I was elated as my friends, and passionate education activists, took to the airwaves and big news outlets.  Teachers and parents were finally being given a platform to speak truth.  Xian Barrett a CPS high school teacher at Gage Park High School, Wendy Katten a CPS parent and member of Raise You Hand, Phillip Cantor-a high school teacher at North Grand, Jen Johnson-CPS high school teacher at Lincoln Park High School, Adam Heenan-teacher at Curie High School, Matt Farmer-CPS parent, and so many more enlightened us with their knowledge and experience.  And of course my friends and collegues in the union itself spoke truth to power!

At the most recent rally last Saturday, I quipped with my activist friend, CPS elementary school teacher Michelle Gunderson, that I missed my rally and marching buddy after not seeing her in the crowd.  We had become friends after meeting at multiple education events over the past year.  She replied, "it's not just the same twenty of us at these rallies anymore."

No, it is not indeed.  And the movement is growing.

There was solidarity from friends and strangers across the country and the globe.  I was getting messages on facebook and twitter from old friends and acquaintances from New York, Seattle, LA, Indiana, as well as Japan, Germany, Australia, and more.  The whole world had its eyes on Chicago with the understanding that something major was taking place in this town.  

And yet, many in the media didn't report it that way.  A large part of the conversation out in the media and bloggosphere has been around the call for collaboration and trust. Many seem to think that if Rahm had simply been less aggressive, and if the union had been less rigid, they could have collaborately come to an amicable agreement.  This argument might have made sense if the fight were really about pay raises or benefits.

But anyone who actually listened to teachers knows this was about so much more.  This fight is not about compromise on a contract, it is about power and oppression. When up against oppressors, there is a clear right and wrong. Pundits need to admit that Rahm is wrong. As Karen Lewis said, this fight is about the very soul of public education.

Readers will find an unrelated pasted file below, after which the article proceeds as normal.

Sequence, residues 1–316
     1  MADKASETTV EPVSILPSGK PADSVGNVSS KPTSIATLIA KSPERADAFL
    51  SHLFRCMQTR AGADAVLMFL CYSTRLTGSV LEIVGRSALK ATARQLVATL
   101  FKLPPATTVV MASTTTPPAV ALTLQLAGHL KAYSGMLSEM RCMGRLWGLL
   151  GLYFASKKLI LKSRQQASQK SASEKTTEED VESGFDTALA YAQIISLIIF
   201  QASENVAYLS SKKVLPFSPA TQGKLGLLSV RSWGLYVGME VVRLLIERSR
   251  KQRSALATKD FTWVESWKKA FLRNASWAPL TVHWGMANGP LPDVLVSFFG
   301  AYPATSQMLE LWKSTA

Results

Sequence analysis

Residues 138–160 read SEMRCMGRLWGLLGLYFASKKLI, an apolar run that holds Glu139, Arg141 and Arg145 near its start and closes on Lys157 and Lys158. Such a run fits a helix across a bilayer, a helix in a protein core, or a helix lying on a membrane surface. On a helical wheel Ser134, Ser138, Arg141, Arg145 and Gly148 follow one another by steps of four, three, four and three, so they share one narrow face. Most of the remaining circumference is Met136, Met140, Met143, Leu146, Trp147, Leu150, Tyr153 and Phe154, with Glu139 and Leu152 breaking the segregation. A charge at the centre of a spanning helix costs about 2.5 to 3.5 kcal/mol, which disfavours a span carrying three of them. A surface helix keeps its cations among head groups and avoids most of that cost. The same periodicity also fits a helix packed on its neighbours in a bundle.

Teachers were speaking up for their students, for their learning conditions, speaking against the savage inequalities of school funding and school reform.  About what really hurts our students.  This strike was about pushing back on the powerful who would sell our schools to the gods of privatization and competition. 

To call for "compromise" is to side with the oppressors. It says that "a little abuse" is acceptable all in the name of warm fuzzies and "just getting along".  It tells that battered wife that she shouldn't fight back against her abuser, 'cause the conflict might confuse the children.

No, there is a time to fight.  And in education that time is now.

Others made this yet another labor struggle. No, this is not about labor, or rather not just about labor.  Some have labeled this strike as the next Wisconsin. In some ways, certainly, this is about collective bargaining and the right to strike.  But to me, this fight was about a union which chose to fight in a social justice movement.  It was about redefining the role of what a union could be.  The CTU is a fighting union!  And the fight it took on was the fight against harmful corporate education reforms, the reforms of the elite, reforms that hurt children and their schools.  It is a fight for justice.

And I will admit it, it felt good to fight.  As I wrote on Anthony Cody's blog last week, there was jubilation on the streets of Chicago.  Finally someone was standing up to these cruel policies.

Before the strike, I had written off the entire press corps, especially the so-called "progressive" journalists, as 100% sold on the corporate education reform movement.  No one seemed willing to do the hard journalism to expose the truths behind corporate ed.  Perhaps their friends were reform-minded.  Maybe it was all those New York cocktail parties where teacher-bashing was becoming common-place.  I don't know.  They weren't reporting on the realities of our schools, just sound bites from Duncan, Rhee, Kopp, Klein, Bloomberg, and all the other Deformers.